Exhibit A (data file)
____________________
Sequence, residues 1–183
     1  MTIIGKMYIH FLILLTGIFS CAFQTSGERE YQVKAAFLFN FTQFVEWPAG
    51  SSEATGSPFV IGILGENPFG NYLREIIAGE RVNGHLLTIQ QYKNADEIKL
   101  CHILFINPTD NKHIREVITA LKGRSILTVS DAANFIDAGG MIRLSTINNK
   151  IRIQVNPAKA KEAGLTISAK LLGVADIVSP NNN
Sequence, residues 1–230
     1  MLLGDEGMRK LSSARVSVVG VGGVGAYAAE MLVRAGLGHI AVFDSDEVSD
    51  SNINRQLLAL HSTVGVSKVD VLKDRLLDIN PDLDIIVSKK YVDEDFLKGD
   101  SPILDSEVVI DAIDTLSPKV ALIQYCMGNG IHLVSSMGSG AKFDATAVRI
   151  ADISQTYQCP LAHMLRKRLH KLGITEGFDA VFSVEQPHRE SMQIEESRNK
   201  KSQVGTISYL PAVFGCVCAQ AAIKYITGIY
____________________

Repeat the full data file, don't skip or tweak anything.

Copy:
Sequence, residues 1–183
     1  MTIIGKMYIH FLILLTGIFS CAFQTSGERE YQVKAAFLFN FTQFVEWPAG
    51  SSEATGSPFV IGILGENPFG NYLREIIAGE RVNGHLLTIQ QYKNADEIKL
   101  CHILFINPTD NKHIREVITA LKGRSILTVS DAANFIDAGG MIRLSTINNK
   151  IRIQVNPAKA KEAGLTISAK LLGVADIVSP NNN
Sequence, residues 1–230
     1  MLLGDEGMRK LSSARVSVVG VGGVGAYAAE MLVRAGLGHI AVFDSDEVSD
    51  SNINRQLLAL HSTVGVSKVD VLKDRLLDIN PDLDIIVSKK YVDEDFLKGD
   101  SPILDSEVVI DAIDTLSPKV ALIQYCMGNG IHLVSSMGSG AKFDATAVRI
   151  ADISQTYQCP LAHMLRKRLH KLGITEGFDA VFSVEQPHRE SMQIEESRNK
   201  KSQVGTISYL PAVFGCVCAQ AAIKYITGIY